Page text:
The purpose of this study is to compare the biomechanical stability of intra-articular calcaneal fractures after fixation with four common implants: K-wires, AS, CS, and PSS. Fixation was tested in both vertical and horizontal directions. Because of the insufficient stiffness of absorbable material, the null hypothesis was that fixation with K-wires, CS and PSS would be biomechanically superior to fixation with AS.

Methods

Preparation of cadaveric specimens

Eight calcaneus specimens were harvested from fresh cadavers. Four right feet and four left feet were used. The donors had a mean age at death of 50.5 (38–72) years and the mean foot length was 24.4 (23.8–25.6) cm. Radiographs were taken of each specimen to rule out bone abnormalities and previous injuries. The specimens were present and stored at − 20 °C and thawed at room temperature for 24 h before testing. The calcanei were cleaned of all soft tissues before simulation and fixation.

Fracture model and fixation

The Sanders’ type III calcaneal fractures were simulated as described by Smerek et al. [15]. Firstly, a V-shaped osteotomy was made near the angle of Gissane in the coronal plane which divided the calcaneus into three fragments. The central fragment contained most of the posterior facet. Next, two sagittal osteotomies were made on the central fragment which divided it into three parts: the sustentaculum, and the middle and internal posterior facet.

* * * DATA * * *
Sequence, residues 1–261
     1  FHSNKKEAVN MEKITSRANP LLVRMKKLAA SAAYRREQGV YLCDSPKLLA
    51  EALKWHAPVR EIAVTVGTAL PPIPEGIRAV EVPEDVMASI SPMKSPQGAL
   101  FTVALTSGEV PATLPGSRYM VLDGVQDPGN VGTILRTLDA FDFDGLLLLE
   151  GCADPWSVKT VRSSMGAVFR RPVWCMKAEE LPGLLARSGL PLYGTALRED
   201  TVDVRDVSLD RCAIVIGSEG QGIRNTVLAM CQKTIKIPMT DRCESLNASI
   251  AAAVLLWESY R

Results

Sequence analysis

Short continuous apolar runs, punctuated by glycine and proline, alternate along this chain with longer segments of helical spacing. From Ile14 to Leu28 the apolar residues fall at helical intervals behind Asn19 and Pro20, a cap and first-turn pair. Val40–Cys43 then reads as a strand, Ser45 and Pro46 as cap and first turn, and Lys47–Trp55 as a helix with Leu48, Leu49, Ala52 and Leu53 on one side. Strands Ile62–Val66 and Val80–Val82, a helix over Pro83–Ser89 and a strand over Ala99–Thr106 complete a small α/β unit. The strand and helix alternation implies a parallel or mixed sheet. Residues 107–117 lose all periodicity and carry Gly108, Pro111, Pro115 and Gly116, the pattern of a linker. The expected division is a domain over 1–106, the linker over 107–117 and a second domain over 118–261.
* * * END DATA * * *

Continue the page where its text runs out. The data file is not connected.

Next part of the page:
After the osteotomy, the fractures were fixed using four different implants: K-wires, CS, AS, and PSS. The smooth K-wires (Puwei Ltd., Shanghai, China) had a diameter of 2-mm. The CS (Puwei Ltd., Shanghai, China) were titanium, short-threaded screws, with diameters of 4.0- and 7.3-mm. The AS (Dikang Biomedical Co., Ltd., Chengdu, China) were made from Poly-l-lactide acid (PLLA) and had diameters of 4.0- and 7.3-mm. The PSS (Puwei Ltd., Shanghai, China) was a non-locking stainless steel AO “Sanders plate” with cancellous screws.

The K-wires and screws were inserted in a cross configuration. Two wires were inserted from the lateral side beneath the posterior facet to the sustentaculum tali and two from calcaneal tuberosity in the direction of the calcaneocuboid joint but not penetrated into joint. The plate was fixed using three screws beneath the posterior facet, three in the posterior process and two in the anterior process. All screws were inserted in a bicortical manner. The middle screw under the posterior facet was directed to reach the sustentaculum in all cases.

Biomechanical tests

For mechanical testing, the posteroinferior calcaneal tuberosity was potted in a holder using polymethylmethacrylate (Technovit 3040; Heraeus Kulzer GmbH, Wehrheim, Germany). The calcaneus was inclined at 15° and the hindfoot was maintained at 90° to the horizontal plane of the holder to simulate the anatomical position of the heel. Each specimen was then placed into a custom-made jig. The calcaneus was firmly fixed with two metal boards and six locked screws. The anterior board could move in the mediolateral direction and posterior in the anterior–posterior (AP) direction to obtain the appropriate positioning of the calcaneus. As shown in Fig. 1, the calcaneocuboid force was measured by a load-cell sensor (Xinjingcheng, Shenzhen, China) with the range of 0–1000 N. The sensor was placed in the center of the joint and was bolted to the jig.